Florida’s local election supervisors on Wednesday sounded skeptical, and even distrustful, of a push by the state to remove thousands of potential non-U.S. citizens from the voting rolls just months before the critical 2012 elections. The supervisors, meeting at their annual summer conference, peppered state election officials with questions about the list of more than 2,600 people who have been identified as being in Florida legally but ineligible to vote. That list was sent to supervisors recently, but state officials have also said there may be as many as 182,000 registered voters who may not be citizens. State election officials want the state’s 67 county election offices to reach out to those on the list, determine their citizenship status and remove them from the rolls if they are not U.S. citizens. But election supervisors – including Democrats and Republicans – asked a range of questions about the level of proof that state election officials had regarding the citizenship status of voters which was culled by comparing voter registration lists to a state driver’s license database. They said they wanted more information before they purge someone from the voting rolls.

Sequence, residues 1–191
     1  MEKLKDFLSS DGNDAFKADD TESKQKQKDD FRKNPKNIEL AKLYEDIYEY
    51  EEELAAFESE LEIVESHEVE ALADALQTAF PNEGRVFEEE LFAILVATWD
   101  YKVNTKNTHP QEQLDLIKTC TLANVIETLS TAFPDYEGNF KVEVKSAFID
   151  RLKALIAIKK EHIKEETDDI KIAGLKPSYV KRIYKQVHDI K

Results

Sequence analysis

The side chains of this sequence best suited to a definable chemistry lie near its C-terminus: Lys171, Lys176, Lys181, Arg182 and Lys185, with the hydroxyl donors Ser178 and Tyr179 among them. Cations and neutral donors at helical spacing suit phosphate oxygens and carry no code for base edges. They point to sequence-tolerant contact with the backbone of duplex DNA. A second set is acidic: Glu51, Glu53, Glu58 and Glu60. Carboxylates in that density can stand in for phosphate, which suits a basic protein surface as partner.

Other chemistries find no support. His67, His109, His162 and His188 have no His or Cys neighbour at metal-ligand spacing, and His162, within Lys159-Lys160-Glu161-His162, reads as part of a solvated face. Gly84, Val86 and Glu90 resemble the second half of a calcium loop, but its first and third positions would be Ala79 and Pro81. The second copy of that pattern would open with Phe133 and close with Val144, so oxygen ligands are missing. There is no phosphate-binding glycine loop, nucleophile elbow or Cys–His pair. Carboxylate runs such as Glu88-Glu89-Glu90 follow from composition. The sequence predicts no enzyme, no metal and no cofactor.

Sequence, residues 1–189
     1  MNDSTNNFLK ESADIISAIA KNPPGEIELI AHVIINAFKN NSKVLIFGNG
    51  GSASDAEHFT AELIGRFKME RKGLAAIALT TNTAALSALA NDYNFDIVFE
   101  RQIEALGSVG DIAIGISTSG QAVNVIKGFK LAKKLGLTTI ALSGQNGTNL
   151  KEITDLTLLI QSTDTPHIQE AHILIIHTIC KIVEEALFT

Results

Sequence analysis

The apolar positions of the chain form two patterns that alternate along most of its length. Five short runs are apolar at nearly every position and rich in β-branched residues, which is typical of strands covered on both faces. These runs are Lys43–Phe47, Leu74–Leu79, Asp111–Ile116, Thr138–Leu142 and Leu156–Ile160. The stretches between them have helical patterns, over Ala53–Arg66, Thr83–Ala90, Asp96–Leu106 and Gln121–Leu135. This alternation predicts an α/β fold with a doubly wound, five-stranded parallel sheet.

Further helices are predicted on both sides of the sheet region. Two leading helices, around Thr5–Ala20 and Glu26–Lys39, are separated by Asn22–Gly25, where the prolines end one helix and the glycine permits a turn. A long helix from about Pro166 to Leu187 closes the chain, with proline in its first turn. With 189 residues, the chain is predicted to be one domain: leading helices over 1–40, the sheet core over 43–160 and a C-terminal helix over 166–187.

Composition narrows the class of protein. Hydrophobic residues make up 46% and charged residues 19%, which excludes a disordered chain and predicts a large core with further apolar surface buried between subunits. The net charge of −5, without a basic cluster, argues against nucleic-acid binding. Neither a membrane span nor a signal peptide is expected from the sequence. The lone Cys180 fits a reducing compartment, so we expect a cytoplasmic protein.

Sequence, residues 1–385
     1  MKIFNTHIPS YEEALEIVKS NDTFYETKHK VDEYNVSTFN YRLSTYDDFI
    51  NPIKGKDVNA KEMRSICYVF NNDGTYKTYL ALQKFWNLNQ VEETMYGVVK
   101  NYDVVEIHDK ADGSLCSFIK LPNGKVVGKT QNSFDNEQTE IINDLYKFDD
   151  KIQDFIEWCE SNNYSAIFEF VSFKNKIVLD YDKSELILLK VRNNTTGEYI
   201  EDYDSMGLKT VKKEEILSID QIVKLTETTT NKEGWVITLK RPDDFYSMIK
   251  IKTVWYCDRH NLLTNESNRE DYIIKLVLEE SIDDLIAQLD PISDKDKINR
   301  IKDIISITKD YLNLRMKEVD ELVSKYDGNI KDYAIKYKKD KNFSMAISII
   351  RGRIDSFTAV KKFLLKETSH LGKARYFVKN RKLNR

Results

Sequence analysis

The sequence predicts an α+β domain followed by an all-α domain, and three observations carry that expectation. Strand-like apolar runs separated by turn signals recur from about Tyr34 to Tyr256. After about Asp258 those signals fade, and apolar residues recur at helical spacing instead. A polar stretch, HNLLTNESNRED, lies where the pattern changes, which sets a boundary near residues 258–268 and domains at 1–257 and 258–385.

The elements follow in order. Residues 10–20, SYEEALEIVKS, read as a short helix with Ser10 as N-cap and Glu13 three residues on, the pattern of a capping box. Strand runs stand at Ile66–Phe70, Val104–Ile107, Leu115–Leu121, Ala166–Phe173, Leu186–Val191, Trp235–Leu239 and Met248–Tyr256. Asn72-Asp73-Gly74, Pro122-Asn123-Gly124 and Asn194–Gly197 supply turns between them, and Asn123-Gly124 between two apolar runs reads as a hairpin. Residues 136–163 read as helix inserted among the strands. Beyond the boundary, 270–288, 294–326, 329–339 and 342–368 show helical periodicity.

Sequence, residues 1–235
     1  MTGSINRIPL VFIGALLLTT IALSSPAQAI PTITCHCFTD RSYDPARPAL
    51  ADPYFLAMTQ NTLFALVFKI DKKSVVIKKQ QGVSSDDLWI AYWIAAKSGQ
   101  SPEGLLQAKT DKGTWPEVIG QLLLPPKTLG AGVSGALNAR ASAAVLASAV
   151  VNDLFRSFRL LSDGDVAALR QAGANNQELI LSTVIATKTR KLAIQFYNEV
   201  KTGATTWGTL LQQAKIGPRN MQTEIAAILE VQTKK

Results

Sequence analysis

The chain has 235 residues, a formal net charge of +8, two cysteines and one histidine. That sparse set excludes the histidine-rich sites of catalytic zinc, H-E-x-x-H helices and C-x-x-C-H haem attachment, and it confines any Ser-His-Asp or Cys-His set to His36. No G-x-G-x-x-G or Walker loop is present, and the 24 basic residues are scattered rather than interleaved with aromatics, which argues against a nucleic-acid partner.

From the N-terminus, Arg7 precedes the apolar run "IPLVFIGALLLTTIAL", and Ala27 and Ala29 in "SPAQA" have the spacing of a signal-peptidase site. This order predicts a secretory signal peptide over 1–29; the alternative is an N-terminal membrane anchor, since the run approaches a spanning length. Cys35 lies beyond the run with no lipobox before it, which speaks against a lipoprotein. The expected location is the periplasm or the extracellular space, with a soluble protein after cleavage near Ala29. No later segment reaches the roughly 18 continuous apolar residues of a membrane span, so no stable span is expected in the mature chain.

Kansas: Kobach asks federal judges to redraw Kansas districts |

Of the 50 states, Kansas now stands as the only one that has yet to draw new congressional boundaries. And it’s one of a handful of states that have yet to draw new state Senate and House districts, threatening to further delay candidate filing deadlines for the 2012 elections — and possibly even the Aug. 7 primary. Secretary of State Kris Kobach on Wednesday said lawmakers’ slow pace in redistricting is creating a “constitutional crisis,” and he asked a federal judge to intervene because lawmakers can’t get the job done. “I don’t want to go to court,” Kobach said at a news conference. “I don’t want to play any role in drawing these district lines. I am simply saying, ‘Please do your job. Take this out of my hands.’ ”

Mississippi: Voter ID bill signed, awaits feds’ scrutiny | Houston Chronicle